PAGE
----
On August 10, after taking his eighth oath as chief minister of Bihar, Nitish Kumar sneered at Prime Minister Narendra Modi by saying, “He won in 2014, but will he in 2024?” When asked if he wanted to run for prime minister at the time, he had already assured that he is “not a contender for anything”. “The question to ask is if the person who came in 2014 will win in 2024,” he said.
Bihar’s constant societal struggles have yielded great philosophical and political innovations since the time of the Buddha. Bihar strikes the chord of monumental dissent when others conform. In contrast to other states where opposition governments have been overthrown by BJP, Bihar is the first state that has ousted a BJP-affiliated administration.
Five days before India celebrated its 75th anniversary of independence, Bihar made a major political change. The JD(U) left the BJP-led NDA alliance and rejoined the Mahagathbandhan giving an excellent news to the opposition. It is nothing less than a political coup that has the potential to alter the political situation in the country.
When it seemed like 2024 was already decided, Bihar’s power transition created more room for opposition politics. The effort to use the Eknath Shinde card in Bihar was thwarted by the chief minister, Nitish Kumar‘s switch again. He may very well have made it more difficult for the BJP to win an outright majority in the 2024 Lok Sabha elections as a result of his actions. It’s terrible news for the BJP because it hasn’t yet proven itself as a viable independent force in Bihar. This shift in Bihar has national relevance that can not be understated, since now BJP doesn’t look invincible.
Bihar’s political shifts are unique to the state. However, Bihar has historically served as a catalyst for national, social, and political transformation. Additionally, there is reason to believe that significant political events in this state at this time could portend change on a larger scale.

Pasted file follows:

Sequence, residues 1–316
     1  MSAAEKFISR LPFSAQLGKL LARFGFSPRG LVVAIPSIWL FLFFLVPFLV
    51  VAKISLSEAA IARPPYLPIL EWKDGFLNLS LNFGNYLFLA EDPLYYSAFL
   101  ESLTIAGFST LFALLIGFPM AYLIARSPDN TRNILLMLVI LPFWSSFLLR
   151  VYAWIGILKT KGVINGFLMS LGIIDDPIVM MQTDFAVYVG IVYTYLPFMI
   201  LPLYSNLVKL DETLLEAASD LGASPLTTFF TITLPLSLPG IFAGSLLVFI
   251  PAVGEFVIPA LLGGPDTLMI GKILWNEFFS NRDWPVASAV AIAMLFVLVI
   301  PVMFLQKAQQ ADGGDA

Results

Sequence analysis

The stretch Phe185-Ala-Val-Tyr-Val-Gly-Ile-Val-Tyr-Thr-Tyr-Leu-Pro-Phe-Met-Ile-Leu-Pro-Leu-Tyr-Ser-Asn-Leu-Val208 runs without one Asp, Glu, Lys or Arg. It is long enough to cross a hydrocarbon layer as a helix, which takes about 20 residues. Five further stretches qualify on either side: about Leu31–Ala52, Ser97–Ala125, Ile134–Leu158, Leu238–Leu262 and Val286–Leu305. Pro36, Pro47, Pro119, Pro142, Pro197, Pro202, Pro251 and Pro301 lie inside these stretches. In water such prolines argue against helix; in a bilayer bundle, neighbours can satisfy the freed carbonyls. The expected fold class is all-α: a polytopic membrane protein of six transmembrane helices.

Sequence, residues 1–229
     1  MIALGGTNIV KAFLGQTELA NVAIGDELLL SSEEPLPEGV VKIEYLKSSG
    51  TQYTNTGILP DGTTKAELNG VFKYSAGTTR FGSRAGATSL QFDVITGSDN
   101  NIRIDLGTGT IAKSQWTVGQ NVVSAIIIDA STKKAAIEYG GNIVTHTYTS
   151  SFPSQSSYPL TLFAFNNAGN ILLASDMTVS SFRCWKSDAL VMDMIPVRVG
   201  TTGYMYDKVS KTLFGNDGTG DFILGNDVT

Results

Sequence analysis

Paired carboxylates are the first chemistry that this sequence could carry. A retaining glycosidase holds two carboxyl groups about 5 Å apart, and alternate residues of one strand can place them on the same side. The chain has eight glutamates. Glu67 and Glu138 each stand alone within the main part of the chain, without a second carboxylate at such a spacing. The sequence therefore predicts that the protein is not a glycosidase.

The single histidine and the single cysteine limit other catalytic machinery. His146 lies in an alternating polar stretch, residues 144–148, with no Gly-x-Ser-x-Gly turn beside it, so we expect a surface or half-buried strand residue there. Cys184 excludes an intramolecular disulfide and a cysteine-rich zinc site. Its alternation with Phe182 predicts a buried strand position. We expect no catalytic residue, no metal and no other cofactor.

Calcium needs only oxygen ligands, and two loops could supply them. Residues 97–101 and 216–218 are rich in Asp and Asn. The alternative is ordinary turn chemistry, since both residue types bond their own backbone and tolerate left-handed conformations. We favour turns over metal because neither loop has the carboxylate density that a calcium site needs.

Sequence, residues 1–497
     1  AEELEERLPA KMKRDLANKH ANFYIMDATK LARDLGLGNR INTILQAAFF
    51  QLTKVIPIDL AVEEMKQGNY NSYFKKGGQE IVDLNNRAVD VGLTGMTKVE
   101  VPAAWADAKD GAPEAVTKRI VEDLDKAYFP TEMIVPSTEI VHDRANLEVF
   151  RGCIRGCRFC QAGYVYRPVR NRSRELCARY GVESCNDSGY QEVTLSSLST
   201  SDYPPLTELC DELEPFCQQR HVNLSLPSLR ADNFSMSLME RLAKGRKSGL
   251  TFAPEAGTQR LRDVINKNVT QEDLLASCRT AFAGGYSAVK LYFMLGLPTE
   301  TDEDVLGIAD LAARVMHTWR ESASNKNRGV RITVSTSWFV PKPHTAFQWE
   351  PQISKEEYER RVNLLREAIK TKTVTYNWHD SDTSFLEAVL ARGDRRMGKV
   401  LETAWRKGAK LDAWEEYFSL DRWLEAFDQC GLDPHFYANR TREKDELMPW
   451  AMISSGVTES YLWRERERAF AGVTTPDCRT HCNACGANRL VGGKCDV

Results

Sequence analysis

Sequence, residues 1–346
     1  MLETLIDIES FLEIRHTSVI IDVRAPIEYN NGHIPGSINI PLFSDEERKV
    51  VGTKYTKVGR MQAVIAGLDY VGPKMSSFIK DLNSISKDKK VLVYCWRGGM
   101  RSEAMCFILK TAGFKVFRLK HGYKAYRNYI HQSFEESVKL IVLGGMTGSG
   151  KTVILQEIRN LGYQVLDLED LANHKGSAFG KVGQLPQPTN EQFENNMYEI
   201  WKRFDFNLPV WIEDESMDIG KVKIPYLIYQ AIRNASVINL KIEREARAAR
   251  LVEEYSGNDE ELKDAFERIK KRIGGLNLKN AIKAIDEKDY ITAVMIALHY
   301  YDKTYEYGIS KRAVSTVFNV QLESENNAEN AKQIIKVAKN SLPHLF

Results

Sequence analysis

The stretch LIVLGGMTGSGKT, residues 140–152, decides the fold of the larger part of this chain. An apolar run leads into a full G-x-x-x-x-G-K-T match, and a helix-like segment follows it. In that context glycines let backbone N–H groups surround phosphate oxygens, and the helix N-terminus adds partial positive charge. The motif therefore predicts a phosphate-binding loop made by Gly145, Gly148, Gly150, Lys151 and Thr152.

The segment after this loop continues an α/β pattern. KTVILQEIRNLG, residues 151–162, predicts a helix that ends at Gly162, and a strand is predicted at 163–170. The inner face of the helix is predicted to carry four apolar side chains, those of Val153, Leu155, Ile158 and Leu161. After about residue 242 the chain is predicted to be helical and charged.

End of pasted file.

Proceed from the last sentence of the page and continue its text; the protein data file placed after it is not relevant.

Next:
From a national standpoint, Nitish’s move is intriguing because Bihar is heavily caste-driven and does not share Uttar Pradesh’s Hindutva dominance. In Bihar, the Mahagathbandhan could easily defeat the BJP in the 2024 Lok Sabha elections. The results of the elections in Bihar in 2024 would more than balance out the BJP’s gains in Maharashtra.
The only prerequisite is that until then, Nitish and Tejashwi Yadav must maintain a semblance of unity and harmony. The Mahagathbandhan may prove to be a reliable coalition for the ensuing two years if the determination to oppose the BJP is strong enough.
According to the 2019 Lok Sabha results, the aggregate vote share of the new seven-party alliance, adds up to over 50%. This combo appears to be powerful. The seven-party coalition in Bihar is therefore a cause of concern for BJP.
Of course, the BJP will use every tactic they can think of to undermine the new coalition. The investigative authorities must already be cleaning up old records that were saved for such a moment.
However, Biharis can react much more vehemently against the oppressive methods employed by the Centre. After all, Bihar is not Maharashtra. Politics in the opposition will undoubtedly intensify and become more compelling.